25-01-14

Anti-colonialism - Right to self-determination: Gamal Abdel Nasser

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Gamal Abdel Nasser led the 1952 Egyptian revolution that overthrew the corrupt and ineffective monarchy of King Farouk. Nasser was born into a working-class family in Asyut province. His father was a postal clerk. Nasser graduated from the Royal Military Academy in Cairo and served in the Sudan. He fought in the 1948 Arab-Israeli War at Falluja, where Egyptian forces held out against Israel until the war's end. After the 1948 war, Nasser and other junior officers blamed King Farouk for the war's substandard weaponry and lack of military strategy.

Nasser was one of the founders of the secret Free Officers group that was determined to oust Farouk and set Egypt on a different path. Although the older and better-known Brigadier-General Muhammad Naguib was put forward to the public as the head of the officers' group, Nasser was in fact the acknowledged leader. He was known for carefully listening to all viewpoints and then making decisions. On July 22, 1952, the Free Officers overthrew the monarchy in a practically bloodless coup d'état. A Revolutionary Command Council (RCC) was established with Naguib as its head. Nasser and Naguib clashed over whether to keep a parliamentary system or to establish a one-party state with populist support, a course Nasser favored. The majority of the officers favored Nasser, and a single party, the Liberation Rally, was established in 1953. After a failed assassination attempt on Nasser in 1954, the Muslim Brotherhood, with whom Naguib had close ties, was banned, and Naguib was removed from power. A new constitution was implemented in 1956 and Nasser was elected president by a huge majority of Egyptian voters. He was twice reelected to the position. A highly charismatic figure and a brilliant speaker in colloquial Arabic, Nasser was extremely popular with the majority of Egyptians and among average Arabs everywhere.

Not an ideologue, Nasser was a pragmatic political leader who sought to develop Egypt economically and socially. He moved toward socialism and the Soviet Union after his requests for military aid had been rebuffed by the United States. His regime jailed members of both the Egyptian Communist Party and the Muslim Brotherhood on the right.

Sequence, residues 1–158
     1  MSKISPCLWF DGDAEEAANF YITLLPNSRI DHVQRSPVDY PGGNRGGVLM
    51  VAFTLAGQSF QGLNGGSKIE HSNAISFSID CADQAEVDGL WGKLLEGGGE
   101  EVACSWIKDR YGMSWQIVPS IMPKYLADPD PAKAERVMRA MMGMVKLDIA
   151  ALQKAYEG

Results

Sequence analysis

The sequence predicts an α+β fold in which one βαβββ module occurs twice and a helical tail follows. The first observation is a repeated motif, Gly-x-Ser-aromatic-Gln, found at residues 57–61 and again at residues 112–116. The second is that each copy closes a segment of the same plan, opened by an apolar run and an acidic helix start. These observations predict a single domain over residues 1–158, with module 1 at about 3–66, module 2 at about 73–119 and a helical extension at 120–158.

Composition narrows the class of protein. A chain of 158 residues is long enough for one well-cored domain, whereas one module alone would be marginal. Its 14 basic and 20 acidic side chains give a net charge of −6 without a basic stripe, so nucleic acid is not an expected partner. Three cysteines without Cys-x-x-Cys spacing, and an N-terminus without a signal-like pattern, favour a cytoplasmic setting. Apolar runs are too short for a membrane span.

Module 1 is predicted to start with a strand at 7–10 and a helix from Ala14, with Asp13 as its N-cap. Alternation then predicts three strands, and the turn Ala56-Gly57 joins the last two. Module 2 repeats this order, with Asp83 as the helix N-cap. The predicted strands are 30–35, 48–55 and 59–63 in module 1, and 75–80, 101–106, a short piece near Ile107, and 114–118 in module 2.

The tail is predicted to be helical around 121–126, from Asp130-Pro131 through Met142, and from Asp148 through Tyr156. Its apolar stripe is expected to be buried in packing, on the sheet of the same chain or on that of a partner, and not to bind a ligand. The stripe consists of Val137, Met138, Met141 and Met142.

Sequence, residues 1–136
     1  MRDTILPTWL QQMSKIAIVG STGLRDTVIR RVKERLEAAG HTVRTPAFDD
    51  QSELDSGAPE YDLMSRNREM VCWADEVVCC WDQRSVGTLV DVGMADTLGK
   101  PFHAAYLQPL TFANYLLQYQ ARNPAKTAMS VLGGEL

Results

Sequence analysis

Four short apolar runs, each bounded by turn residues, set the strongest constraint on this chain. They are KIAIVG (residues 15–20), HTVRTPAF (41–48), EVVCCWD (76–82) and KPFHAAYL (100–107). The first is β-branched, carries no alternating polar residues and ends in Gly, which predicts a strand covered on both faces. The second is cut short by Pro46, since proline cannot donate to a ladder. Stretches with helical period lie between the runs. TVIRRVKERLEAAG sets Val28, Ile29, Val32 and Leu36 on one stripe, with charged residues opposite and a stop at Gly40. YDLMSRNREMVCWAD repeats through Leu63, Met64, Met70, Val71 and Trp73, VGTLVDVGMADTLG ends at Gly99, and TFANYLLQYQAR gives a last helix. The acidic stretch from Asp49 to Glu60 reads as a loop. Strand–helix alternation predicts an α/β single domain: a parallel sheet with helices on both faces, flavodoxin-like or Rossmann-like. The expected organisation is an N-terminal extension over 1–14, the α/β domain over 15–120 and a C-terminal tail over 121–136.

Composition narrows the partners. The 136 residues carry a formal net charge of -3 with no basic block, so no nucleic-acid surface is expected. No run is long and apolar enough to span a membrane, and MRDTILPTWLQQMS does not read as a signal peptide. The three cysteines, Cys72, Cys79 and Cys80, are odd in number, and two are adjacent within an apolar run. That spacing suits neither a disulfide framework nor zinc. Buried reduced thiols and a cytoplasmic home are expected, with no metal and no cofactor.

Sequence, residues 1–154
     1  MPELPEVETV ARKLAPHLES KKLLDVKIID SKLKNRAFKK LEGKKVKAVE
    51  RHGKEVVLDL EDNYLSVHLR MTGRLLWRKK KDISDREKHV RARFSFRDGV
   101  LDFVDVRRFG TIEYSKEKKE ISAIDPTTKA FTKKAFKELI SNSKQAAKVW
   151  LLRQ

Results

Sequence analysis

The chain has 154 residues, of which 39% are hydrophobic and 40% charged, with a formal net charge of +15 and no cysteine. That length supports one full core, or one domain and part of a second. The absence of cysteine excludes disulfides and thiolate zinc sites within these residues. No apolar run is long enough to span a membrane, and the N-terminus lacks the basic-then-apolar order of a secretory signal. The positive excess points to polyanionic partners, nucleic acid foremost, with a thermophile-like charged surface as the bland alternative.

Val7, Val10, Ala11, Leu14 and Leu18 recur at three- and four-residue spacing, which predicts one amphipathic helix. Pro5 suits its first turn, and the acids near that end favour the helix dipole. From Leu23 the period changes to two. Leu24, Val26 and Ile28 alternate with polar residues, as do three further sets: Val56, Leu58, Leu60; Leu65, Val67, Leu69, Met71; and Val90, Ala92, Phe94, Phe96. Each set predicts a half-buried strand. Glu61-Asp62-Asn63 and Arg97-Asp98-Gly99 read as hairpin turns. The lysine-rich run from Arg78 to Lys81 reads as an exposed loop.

After attending the Bandung Conference in 1955, Nasser joined with Jawaharlal Nehru of India and Marshal Tito of Yugoslavia in championing positive neutralism, in which Third World nations would not forge solid alliances with either the United States or the Soviet Union in the cold war but would instead act in their own best interests. Neither of the superpowers liked this approach, but the United States was particularly hostile to it. Steering a neutral course, Nasser opposed the Western-led CENTO/Baghdad Pact and opposed Arab regimes such as the Hashemite monarchies in Iraq and Jordan and the conservative, extremely pro-Western Saudi Arabian monarchy.

Nasser also spoke of Egypt belonging to three circles: the Arab, African, and Islamic worlds. Under Nasser, Egypt became a center for African and Arab political leaders and students. Although he was personally a devout Muslim, Nasser was committed to secular government and persecuted Islamists, particularly the Muslim Brotherhood, which sought to establish a state based on Muslim religious law and practice.

Like all Arab leaders, Nasser supported the Palestinian cause and their right to self-determination. He permitted some fedayeen (self-sacrificers) guerrilla attacks from the Egyptian-administered Gaza Strip in Israel, but he also recognized the superiority of Israel's military. Consequently he initially sought, through back channels, to negotiate settlements to the conflict with Israel. Israel insisted on face-to-face negotiations, and the attempts all failed.

In 1956 after the United States had refused to grant aid for building the Aswān Dam, Nasser nationalized the Suez Canal. The nationalization led to the 1956 Arab-Israeli War, in which Great Britain, France, and Israel jointly attacked Egypt. The war was a military loss for Egypt but a political victory after which Nasser became indisputably the most popular man in the entire Arab world.

During the so-called Arab cold war Nasser's influence dominated the liberal, progressive, and socialist governments in Syria and elsewhere, versus the conservative pro-Western monarchies, including Jordan and Saudi Arabia. With the formation of the United Arab Republic of Egypt and Syria in 1958, Nasser perhaps reached the peak of his popularity.

Following the devastating military losses in the 1967 Arab-Israeli War, Nasser accepted responsibility and resigned. Massive and generally spontaneous public demonstrations calling for his return led him to resume the Egyptian presidency, but he never regained the unquestioning support throughout the Arab world that he had previously enjoyed.

In 1970 Nasser was called upon to mediate a truce between the Palestine Liberation Organization (PLO) and King Hussein of Jordan in the bloody war between the two. Shortly thereafter he suffered a massive heart attack, in part brought on by the tensions of the negotiation, and died in late September. Although Nasser was mistrusted and opposed in most of the West and Israel, millions of mourning Egyptians joined his funeral cortege. The legacy of Nasserism, secular pan-Arab nationalism, and state-directed socialism, spread throughout most of the Arab world during Nasser's lifetime, but declined and, except in Lebanon, largely diminished after his death.